USDA released the June 29 Acreage Report and Quarterly Grain Stocks Report Friday. Both of these reports are based on conditions as of June 1.

The reports have been called neutral to bullish for corn, neutral for cotton, bearish for soybeans and mixed for wheat. That said, there were no real surprises in the USDA reports and with the reports out of the way the market will turn its focus on the weather and the weakening U.S. Dollar.

Drought in the lower half to a third of the Midwest and the Mid-South continues to intensify with no real short-term relief in sight.

European leaders agreed to use bailout funds to aid banks and that saw a surge in the Euro and a weakening U.S. Dollar with the Dollar in early trading at 81.69, down 1.32.

Corn acreage at 96.4 million acres was 440,000 acres higher than the average trade guess and at the high end of estimates and 540,000 acres higher than the March 30 intentions. This would be the highest acreage since 1937.

More importantly, harvested acreage is estimated at 88.85 million acres, a little higher abandonment number than earlier thought and less than the 89.1 million acres that USDA has been using.

All cotton acreage at 12.6 million acres was 520,000 acres lower than the March 30 intentions, but was within the range of guesses.

Soybean acreage at 76.1 million acres was 505,000 acres more than the average trade guess and 2.18 million acres higher than the March 30 estimate. It would be the third highest on record.

All wheat acreage was at the low end of expectations and at 56.017 million acres were 830,000 lower than the average trade guess and 109,000 acres higher than the March 30 intentions.

These acreage numbers are the ones at least for now that the market will be trading. Acreage changes since June 1 have occurred, most likely in abandoned acres, but will not fully come to light until a firmer number comes probably in the September USDA report. Acreage then will be based from FSA certified acres as well as surveys.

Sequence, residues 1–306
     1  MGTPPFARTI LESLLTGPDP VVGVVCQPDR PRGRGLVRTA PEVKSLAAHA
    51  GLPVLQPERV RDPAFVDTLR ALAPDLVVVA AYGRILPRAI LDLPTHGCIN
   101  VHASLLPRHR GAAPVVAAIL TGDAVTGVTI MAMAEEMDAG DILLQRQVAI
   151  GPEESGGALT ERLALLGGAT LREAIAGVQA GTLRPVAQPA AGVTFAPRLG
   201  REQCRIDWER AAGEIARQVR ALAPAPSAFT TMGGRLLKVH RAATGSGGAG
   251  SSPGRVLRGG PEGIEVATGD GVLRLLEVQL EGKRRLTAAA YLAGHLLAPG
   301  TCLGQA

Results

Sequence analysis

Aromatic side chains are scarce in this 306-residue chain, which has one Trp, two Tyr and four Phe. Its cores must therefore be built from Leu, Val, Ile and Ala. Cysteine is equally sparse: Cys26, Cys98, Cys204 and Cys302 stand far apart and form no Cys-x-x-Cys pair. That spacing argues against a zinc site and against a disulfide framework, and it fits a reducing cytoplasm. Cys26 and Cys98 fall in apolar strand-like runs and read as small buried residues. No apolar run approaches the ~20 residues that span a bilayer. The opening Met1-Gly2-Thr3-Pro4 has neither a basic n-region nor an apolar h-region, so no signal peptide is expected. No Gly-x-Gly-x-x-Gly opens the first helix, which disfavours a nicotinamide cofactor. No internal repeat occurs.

There were no major surprises in the Quarterly Grains Stocks Report as it is called neutral to bullish for corn, bearish soybeans and neutral to bearish wheat.

Corn ending stocks were reported 33.5 million bushels lower than the average trade guess. Based on this stocks data, old crop ending stocks in the July report may be adjusted downward.

Soybean stocks were 27.5 million bushels higher than the average trade guess, and above the top end of expectations. Unless exports are increased in the July USDA report, old crop ending stocks reported in July could be around 200 million bushels.

Wheat stocks ended their marketing year at 742.7 million bushels, 14.7 million bushels higher than reported in June’s USDA Supply & Demand report and 16.7 million bushels higher than the average trade guess.

The next USDA Supply and Demand report will be released on Wednesday, July 11 and will update the fundamental numbers based on the Acreage Report and Quarterly Stocks Reports.